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TransWest Express wins federal approvals, still faces hurdles

The formal approval this week of the route for the massive TransWest Express transmission project clears one of the key remaining hurdles for the attempt to bring large amounts of electricity generated by Wyoming wind farms to the major cities of Southern California.

The official Record of Decision, or ROD, from the Western Area Power Administration was published in the Federal Register on April 3 after being first released in January. Along with the Bureau of Land Management’s ROD, which was released in December 2016, the WAPA approval means that the federal government has signed off on one of the most ambitious of a crop of new interstate power lines currently in development.

"The Western U.S. needs new interregional transmission infrastructure like the TWE project, which will allow California and other Desert Southwest utilities to directly access high-capacity Wyoming wind to balance and diversify their generation portfolios in a cost-effective manner," said Bill Miller, president and CEO of TransWest Express LLC, which is developing the line, in a Dec. 13, 2016, statement when the Interior Dept. signed off. "Today's important federal permitting milestone further advances the TWE project's progress and brings this critical infrastructure project one step closer to construction."

TransWest will be a high-voltage, direct current, 600-kV line that provides 3,000 MW of transmission capacity along its 730-mile route. The system is designed to bring wind power from the massive Chokecherry and Sierra Madre Wind Energy Project, in southern Wyoming, to the desert Southwest. The route extends from the Wyoming wind farms to a planned interconnection near Delta, Utah, and on to the Marketplace Hub near Hoover Dam in southern Nevada, which provides interconnections to the California, Nevada and Arizona grids.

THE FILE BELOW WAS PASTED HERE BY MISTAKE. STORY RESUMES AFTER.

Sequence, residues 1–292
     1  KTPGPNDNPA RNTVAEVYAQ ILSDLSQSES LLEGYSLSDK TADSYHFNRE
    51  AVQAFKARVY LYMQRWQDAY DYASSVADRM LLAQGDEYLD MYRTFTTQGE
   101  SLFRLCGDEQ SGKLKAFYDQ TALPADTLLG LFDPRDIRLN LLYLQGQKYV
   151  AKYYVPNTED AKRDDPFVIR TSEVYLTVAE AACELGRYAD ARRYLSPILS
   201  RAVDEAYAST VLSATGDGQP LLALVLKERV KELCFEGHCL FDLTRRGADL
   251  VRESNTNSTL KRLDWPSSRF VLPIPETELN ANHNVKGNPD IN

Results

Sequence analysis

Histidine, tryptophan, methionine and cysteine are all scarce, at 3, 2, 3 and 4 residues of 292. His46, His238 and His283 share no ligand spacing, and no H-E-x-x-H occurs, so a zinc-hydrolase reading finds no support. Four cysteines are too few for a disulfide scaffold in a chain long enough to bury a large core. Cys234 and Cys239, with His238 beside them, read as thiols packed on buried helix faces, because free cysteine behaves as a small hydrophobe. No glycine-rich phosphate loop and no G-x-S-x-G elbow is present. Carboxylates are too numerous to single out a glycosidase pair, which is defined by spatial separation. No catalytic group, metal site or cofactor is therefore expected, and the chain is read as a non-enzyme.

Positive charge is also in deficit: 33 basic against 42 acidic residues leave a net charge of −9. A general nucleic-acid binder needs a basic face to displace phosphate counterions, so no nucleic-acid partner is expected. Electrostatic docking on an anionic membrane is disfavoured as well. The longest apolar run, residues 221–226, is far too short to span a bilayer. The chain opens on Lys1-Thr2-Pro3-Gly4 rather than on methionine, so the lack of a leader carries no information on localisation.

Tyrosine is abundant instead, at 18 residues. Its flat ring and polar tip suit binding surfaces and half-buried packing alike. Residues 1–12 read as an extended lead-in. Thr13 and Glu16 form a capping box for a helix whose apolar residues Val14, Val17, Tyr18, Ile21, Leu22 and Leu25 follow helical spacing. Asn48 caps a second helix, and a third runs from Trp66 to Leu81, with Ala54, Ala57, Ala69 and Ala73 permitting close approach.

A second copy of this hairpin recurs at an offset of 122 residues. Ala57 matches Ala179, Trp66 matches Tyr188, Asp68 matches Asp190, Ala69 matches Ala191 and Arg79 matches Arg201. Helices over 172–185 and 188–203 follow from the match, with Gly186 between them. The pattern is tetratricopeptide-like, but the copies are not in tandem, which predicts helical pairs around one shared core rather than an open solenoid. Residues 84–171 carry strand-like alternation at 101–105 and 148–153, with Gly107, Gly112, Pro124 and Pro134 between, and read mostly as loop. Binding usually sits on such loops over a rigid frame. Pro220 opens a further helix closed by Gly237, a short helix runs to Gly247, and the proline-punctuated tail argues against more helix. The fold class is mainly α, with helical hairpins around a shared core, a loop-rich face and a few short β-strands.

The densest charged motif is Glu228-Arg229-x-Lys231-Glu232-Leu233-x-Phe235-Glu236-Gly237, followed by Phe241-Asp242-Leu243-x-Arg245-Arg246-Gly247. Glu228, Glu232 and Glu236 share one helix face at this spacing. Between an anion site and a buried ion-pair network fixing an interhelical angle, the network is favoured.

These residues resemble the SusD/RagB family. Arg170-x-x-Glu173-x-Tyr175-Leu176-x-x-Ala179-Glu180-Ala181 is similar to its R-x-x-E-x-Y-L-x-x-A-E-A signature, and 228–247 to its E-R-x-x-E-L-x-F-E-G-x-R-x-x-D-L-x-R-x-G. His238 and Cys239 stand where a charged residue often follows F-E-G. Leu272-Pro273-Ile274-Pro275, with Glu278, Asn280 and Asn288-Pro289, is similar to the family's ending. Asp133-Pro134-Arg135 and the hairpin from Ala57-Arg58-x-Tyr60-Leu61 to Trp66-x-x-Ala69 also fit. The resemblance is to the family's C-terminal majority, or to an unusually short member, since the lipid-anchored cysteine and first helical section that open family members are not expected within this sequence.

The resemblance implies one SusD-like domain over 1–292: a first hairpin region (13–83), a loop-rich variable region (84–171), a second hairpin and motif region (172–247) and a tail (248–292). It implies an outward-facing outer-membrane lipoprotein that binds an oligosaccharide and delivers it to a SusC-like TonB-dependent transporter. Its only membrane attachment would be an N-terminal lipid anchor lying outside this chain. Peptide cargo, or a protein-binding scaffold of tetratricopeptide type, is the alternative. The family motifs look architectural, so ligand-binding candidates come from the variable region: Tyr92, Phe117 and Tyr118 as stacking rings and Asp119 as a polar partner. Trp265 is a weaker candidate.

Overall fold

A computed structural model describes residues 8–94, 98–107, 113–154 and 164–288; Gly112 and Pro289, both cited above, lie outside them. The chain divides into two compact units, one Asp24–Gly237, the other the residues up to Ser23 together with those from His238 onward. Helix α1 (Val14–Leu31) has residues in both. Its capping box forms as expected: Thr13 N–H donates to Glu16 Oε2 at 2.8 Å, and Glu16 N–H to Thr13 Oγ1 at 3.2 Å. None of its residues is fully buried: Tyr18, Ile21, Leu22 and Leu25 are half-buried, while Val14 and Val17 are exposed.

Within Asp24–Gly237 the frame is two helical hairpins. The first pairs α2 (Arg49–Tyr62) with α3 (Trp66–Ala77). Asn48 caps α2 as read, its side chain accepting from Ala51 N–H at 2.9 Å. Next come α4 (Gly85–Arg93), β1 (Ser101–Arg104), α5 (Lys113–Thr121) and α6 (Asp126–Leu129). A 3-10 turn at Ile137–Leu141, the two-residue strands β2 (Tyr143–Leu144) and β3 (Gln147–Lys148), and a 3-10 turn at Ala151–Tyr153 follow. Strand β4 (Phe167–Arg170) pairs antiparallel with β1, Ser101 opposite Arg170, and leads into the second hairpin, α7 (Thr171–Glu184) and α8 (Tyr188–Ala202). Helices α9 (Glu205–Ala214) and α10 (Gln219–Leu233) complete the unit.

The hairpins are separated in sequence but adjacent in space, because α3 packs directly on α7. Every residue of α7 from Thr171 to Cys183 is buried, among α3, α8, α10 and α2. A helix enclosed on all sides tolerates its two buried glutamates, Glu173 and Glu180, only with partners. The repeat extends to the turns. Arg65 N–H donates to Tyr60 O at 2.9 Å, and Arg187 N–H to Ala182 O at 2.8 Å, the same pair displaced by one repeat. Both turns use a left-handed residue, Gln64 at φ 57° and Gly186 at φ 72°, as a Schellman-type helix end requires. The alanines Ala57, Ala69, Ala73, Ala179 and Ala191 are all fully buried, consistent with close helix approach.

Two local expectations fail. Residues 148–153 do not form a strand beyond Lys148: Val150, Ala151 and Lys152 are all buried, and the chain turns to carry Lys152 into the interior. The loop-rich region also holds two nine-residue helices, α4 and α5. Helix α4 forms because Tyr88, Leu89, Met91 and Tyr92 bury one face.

TransWest Express is backed by Colorado billionaire Philip Anschutz, whose privately held Anschutz Corp. is also developing the Chokecherry/Sierra Madre project.

A question of financing

Major new transmission is needed to get wind and solar power from the often remote areas where the resources are abundant to the centers of demand, most of which are on the coasts. But the federal approvals by no means assure that TransWest will be completed. The sections of the line that cross federal land cover only about two-thirds of the full right-of-way; the rest is on state or private lands and requires easements and/or state and county permits—an obstacle that continues to thwart other big transmission projects, such as the Plains and Eastern line in the Southeast.

TransWest received a conditional permit from Nevada in September 2015, but has not yet applied for a permit in Wyoming. Utah and Colorado do not require state permits, but it’s possible that the project could face opposition from private landowners along the route.

Then there’s the question of financing. The Anschutz Corp. has funded the project development to date, but actual construction will require project financing from outside investors, as well.

"Construction financing and funding is in the process of being analyzed and secured," TransWest spokeswoman Kara Choquette said in an email. Questions have been raised about the financial viability of other such projects, including the Rock Island Clean Line, being developed by Clean Line Energy Partners.

An October 2016 study by the Los Angeles-based PA Consulting Group, carried out on behalf of TransWest Express, estimated that the full project will cost $3.8 billion and will deliver between $5 billion and $11 billion in net benefits to California ratepayers. That, however, does not guarantee that investors will see it as a money-making venture.

And big transmission lines require offtakers to pay for the power generated and for the transmission capacity. To date, no contracts have been signed for the power from the Chokecherry/Sierra Madre wind farm or the TransWest Express transmission capacity.

"We continue to engage and talk with utilities and other entities across the Desert Southwest that are interested in the high volumes of competitively priced renewable electricity these projects will be able to provide and to move forward with our ongoing development activities," Choquette said.